МОСКВА, 02 июня 2021, Институт РУССТРАТ.
“Here is not for you,” Pakistani Defence Minister Ahmed Mukhtar told the Americans. Of course, officially, his words sounded a little different, but the essence was exactly this: “There will be no more flights of American aircraft from this air force base. If any aircraft will take off from it, it will be only Pakistani ones.”
With the final decision to withdraw the American expeditionary force from Afghanistan, Washington found itself in a difficult position. America formally thinks of itself as a world hegemon, but there is nowhere to relocate its contingent except at home. And it’s not that it’s particularly large, something like 8,700 soldiers and officers.
If so desired, they can be easily dragged out to Kuwait, Bahrain, Qatar, the Arab Emirates, Oman, Saudi Arabia and Jordan. At the very least, they can be transferred to the island of Diego Garcia in the Indian Ocean. But anyone who is familiar with geography understands that keeping them there is like immediately returning them to their native penates.
The Americans can leave Afghanistan, but to return to it even for individual raid operations is already impossible to them. Iran for sure will not let the US military to pass through its territory. Over the years, Washington has damaged relations with it too much. Theoretically, it would be possible to try to settle in the former Soviet republics of Central Asia, and it would cost “Uncle Sam” quite reasonable money.
But there, a fundamentally unsolvable problem with logistics will immediately arise. Every nut, every new battery, napkin or diaper would have to be transported there, literally “across two seas” and three countries. With the constant risk of the “oxygen being cut off” either by Turkey or Russia in Azerbaijan, the territory or airspace of which the United States cannot bypass with all their desire.
And so it turned out that Pakistan remained a country of “last hope”. Especially because at the stage of the invasion of Afghanistan in 2001 the Americans actively used the Pakistani Shamsi air base, located in Balochistan, 30 kilometres from the Afghan border.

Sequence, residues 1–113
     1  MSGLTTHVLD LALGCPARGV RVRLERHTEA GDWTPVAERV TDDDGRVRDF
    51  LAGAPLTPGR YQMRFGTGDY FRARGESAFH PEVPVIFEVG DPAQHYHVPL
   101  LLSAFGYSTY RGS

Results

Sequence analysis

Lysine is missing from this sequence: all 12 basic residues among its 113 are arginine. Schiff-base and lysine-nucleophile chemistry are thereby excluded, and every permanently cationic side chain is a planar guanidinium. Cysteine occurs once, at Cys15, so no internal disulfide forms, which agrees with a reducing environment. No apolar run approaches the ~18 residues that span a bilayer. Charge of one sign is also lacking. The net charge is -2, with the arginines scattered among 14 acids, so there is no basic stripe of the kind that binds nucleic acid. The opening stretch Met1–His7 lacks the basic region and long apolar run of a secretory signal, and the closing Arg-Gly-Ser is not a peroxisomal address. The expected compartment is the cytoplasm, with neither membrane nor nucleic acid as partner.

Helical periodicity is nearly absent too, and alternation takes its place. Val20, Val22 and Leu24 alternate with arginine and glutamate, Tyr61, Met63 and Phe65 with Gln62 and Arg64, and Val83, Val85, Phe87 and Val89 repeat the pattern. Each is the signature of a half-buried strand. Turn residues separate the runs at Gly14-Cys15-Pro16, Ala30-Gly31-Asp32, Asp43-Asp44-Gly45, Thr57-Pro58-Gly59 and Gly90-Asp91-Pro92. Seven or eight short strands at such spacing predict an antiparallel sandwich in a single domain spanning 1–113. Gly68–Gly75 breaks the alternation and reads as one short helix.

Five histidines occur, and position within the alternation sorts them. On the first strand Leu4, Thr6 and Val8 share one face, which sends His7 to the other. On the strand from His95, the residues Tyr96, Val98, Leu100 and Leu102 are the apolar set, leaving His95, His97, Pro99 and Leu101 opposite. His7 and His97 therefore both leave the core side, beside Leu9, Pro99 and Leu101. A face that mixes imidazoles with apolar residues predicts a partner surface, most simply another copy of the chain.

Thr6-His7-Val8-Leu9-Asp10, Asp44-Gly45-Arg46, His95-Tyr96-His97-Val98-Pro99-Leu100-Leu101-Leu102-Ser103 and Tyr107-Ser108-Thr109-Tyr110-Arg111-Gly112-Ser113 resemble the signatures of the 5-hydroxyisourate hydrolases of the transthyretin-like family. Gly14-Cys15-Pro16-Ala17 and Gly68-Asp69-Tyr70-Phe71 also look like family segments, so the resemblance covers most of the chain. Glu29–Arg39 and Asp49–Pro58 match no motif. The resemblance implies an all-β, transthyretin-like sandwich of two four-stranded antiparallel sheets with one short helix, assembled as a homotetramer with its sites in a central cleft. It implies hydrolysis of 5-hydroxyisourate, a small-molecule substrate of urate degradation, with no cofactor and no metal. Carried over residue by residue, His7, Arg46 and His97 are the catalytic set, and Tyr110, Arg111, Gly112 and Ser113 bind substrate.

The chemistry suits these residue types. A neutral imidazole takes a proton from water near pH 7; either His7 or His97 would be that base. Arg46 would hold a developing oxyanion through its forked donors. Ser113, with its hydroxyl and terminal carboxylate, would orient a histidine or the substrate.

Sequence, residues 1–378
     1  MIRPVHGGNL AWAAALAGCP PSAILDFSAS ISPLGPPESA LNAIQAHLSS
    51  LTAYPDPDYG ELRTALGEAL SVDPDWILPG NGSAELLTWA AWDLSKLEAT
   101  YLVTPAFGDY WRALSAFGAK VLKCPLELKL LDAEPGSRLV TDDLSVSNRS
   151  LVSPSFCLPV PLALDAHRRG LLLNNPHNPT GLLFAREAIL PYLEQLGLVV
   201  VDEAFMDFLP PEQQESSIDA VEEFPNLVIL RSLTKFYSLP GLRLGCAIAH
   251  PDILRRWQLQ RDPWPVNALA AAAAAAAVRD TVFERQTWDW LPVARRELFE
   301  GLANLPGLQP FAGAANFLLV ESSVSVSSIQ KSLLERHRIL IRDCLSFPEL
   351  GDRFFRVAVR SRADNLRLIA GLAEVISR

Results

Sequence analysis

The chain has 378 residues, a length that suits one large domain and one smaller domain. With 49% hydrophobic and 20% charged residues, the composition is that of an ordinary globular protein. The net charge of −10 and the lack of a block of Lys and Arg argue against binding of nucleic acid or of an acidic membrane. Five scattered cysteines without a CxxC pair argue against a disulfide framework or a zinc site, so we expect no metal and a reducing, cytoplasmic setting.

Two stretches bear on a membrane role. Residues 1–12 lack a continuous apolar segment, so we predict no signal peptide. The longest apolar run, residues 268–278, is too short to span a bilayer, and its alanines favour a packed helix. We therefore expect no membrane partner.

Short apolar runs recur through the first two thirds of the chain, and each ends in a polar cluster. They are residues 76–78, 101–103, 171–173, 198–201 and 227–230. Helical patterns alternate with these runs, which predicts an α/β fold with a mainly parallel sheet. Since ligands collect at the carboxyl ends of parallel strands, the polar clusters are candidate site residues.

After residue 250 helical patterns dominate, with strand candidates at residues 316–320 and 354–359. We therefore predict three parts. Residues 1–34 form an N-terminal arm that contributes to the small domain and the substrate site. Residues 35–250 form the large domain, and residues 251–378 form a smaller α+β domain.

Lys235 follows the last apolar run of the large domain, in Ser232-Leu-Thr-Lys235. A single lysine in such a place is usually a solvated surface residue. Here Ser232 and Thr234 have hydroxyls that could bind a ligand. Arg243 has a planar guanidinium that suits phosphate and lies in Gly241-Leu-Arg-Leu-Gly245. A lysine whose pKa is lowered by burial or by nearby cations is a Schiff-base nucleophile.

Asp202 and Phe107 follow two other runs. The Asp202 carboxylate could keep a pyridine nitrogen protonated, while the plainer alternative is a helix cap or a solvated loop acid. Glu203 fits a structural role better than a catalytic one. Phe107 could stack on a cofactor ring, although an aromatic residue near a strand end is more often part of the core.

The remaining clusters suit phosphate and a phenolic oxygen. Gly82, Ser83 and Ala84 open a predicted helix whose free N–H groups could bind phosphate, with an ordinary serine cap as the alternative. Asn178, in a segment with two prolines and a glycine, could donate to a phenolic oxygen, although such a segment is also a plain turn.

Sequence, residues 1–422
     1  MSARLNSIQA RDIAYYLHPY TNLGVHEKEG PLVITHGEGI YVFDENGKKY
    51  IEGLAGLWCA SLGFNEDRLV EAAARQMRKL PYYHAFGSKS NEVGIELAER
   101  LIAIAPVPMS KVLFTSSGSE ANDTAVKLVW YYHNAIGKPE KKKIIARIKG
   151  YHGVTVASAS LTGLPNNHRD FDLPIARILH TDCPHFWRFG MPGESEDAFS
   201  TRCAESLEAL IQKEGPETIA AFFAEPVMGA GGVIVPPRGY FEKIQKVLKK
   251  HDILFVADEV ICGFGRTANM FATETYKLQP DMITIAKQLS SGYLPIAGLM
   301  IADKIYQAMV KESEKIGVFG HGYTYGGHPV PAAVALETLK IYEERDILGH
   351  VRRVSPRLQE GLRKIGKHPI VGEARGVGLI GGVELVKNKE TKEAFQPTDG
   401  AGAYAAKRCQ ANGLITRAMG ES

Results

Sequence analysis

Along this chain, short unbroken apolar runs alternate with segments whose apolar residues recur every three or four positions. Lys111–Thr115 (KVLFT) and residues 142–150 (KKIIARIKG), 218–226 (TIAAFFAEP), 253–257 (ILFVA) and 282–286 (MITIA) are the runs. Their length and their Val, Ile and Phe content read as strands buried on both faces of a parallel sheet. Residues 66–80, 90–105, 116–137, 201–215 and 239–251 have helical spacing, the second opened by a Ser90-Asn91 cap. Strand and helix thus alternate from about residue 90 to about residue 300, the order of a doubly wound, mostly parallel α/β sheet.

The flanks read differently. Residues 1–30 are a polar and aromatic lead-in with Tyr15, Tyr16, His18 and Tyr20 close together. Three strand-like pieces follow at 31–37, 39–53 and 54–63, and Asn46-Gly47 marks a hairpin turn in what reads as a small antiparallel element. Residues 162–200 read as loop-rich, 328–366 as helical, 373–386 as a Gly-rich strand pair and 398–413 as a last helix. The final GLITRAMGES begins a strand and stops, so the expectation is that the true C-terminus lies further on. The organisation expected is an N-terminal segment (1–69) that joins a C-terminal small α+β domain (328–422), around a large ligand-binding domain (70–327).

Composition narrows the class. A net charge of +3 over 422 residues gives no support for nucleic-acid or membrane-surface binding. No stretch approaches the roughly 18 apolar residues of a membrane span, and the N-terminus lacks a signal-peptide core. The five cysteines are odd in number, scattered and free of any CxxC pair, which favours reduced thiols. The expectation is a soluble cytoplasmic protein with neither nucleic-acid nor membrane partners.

But in 2006, for various reasons, they left it, as well as two others, leaving there only the infrastructure for operating CIA field teams. But by 2011, the latter had definitely broken up with the locals, and in December they finally returned Shamsi to the control of the Pakistani military.
And in 2017, President Trump almost openly accused Islamabad of supporting terrorism and reprehensible behaviour in the region. At that time, it seemed to the American authorities that America did not need anyone in the world. If someone wants to be friends, they must pay, yield and bend.
Especially a certain Pakistan, which for more than seven years has been demonstrating rapprochement with America’s main geopolitical opponent – China. It came to the cancellation, at the initiative of Islamabad, of the planned and already announced in the media visit of a representative of the State Department.
The final nail in the proverbial coffin lid was a change in American priorities, from granting Pakistan a particularly friendly status when America needed to fight Shuravi in Afghanistan in the 80s, to a fundamental transition to friendship with its main geopolitical opponent – India, to create a counterweight to China after 2010-2012.
Is it any wonder that “your people did not stand here and will not stand here” was said not only by a straightforward Pakistani military man, but also by the head of the country’s diplomatic department who spoke in the same spirit. “Under (Prime Minister) Imran Khan there will not be any American bases on Pakistani soil. Forget about the past,” said Pakistan’s Foreign Minister Shah Mehmood Qureshi.
Thus, before our eyes, three almost epochal events are taking place at once. Firstly, the United States is suffering a defeat in Afghanistan and is disastrously losing the Afghan war, which has lasted for almost 20 years, with a bang. And to whom? The “Taliban” with “Berdan rifles” defeated the most high-tech military power.
Secondly, they lose any opportunity to influence Afghanistan in any way after the final withdrawal of American troops from there. This completely frees the hands of the “Taliban”, and not only within the country, but also with its neighbours.
Thirdly, without gaining a foothold in India, America has finally lost its best ally in Southeast Asia.
This is how the erosion of the geopolitical influence of the ageing hegemons takes place. Against this background, the only thing the Biden administration can offer Russia at the June 16 talks in Geneva is to allow the United States to leave Eastern Europe quietly, with face saved.